The London Relocation agency assists anyone moving to London, even if it’s just a move within the UK or the city itself. However, London Relocation agents find that most often their clientele consists of expats like themselves, those making an international relocation from numerous countries around the globe. Expatriotism is a common trend as technology increasingly shrinks our world and makes it easier for people to work from anywhere in the world; it has resulted in a more global mindset that has larger  numbers considering what life would be like in an another country and culture, not only desiring to visit a new destination but actually live there.

When I first made the relocation to London myself, I very much missed home, and my global curiosity had already been sufficiently satisfied through annual world travels. To put it bluntly, I didn’t particularly feel the need to actually live somewhere else so long as I made the time and money to allow me to visit to my heart’s content. So when it came to actually moving to London, I had mixed feelings.

But, being a literature-lover, I tried to fancy the romance of it when I considered how some of my favorite authors like  F. Scott Fitzgerald and Ernest Hemingway were American expatriates. By that time, WWI had introduced many young Americans to nations overseas as they volunteered their efforts, and the experience left them with a restlessness back home; they’d experienced the cruel realities of war but also an indulgent freedom that contrasted with more seemingly stifling expectations among family and peers in American society. So, many returned and left constraints like Prohibition and practical careers behind to frolic in Europe’s playground and cultivate their artistic sensibilities. Even Europe must have seemed so exotic back then, before people were able to hop a commercial flight overseas almost as easily as hail a taxi on the street.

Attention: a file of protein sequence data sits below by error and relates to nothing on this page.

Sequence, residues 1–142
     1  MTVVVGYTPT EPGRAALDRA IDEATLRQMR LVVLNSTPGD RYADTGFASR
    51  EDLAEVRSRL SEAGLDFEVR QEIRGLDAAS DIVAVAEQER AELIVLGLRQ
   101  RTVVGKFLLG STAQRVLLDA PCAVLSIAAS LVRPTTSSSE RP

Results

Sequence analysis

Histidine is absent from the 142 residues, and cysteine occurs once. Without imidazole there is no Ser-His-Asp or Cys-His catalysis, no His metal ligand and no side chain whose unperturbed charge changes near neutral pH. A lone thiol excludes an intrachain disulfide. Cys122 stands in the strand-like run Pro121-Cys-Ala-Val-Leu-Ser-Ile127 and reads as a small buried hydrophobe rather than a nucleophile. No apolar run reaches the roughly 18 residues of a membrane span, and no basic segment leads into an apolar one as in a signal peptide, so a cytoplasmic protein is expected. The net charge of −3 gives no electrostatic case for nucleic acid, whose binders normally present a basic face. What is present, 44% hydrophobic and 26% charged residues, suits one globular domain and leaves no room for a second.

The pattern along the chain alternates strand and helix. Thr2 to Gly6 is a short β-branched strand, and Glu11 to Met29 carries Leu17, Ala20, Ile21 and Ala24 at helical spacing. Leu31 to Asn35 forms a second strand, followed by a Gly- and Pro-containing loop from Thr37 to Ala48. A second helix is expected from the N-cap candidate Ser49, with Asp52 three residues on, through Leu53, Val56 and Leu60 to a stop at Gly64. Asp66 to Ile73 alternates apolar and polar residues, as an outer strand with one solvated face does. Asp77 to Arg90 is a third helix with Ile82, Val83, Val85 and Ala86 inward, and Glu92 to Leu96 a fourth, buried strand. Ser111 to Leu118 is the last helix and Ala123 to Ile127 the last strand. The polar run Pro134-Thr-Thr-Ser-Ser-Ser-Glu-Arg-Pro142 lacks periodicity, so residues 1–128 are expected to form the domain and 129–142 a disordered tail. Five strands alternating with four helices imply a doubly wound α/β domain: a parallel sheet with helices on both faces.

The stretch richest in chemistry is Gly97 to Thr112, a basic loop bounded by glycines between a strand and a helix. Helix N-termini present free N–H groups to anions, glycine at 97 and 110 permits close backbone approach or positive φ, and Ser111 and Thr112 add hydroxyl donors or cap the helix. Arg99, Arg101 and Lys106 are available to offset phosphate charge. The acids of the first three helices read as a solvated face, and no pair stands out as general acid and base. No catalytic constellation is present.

I happen to be reading about the 1920s right now, which is what brings this all fresh to mind right now. The world has changed so drastically since then that international relocation or travel is really not so “foreign,” per se, and expats communities have expanded far beyond merely the artistic and/or rich “elite.” Nonetheless, I’m constantly blogging here about the changes such a move does entail, and it’s surely no less a mind-opening experience today as it was back then. Furthermore, I came upon this passage in my book, Lucy Moore’s Anything Goes, about the sentiments of many 1920s American expats that are not all too different from my own:

“The more insightful among them recognized that, paradoxically, living abroad made it possible to look more clearly at the United States, to better judge and comment on what they had left behind. Their time away actually intensified their Americanness, rather than diluting it, and this became a powerful inspiration for many. Then, too, returning Americans found that they like being back home—that the familiar had charms more potent than they remembered.”

Just some food for thought as you make your own international relocation to London. You’ll see that it’s almost as much about reflecting on where you’re moving from as it is learning about where you’re moving to.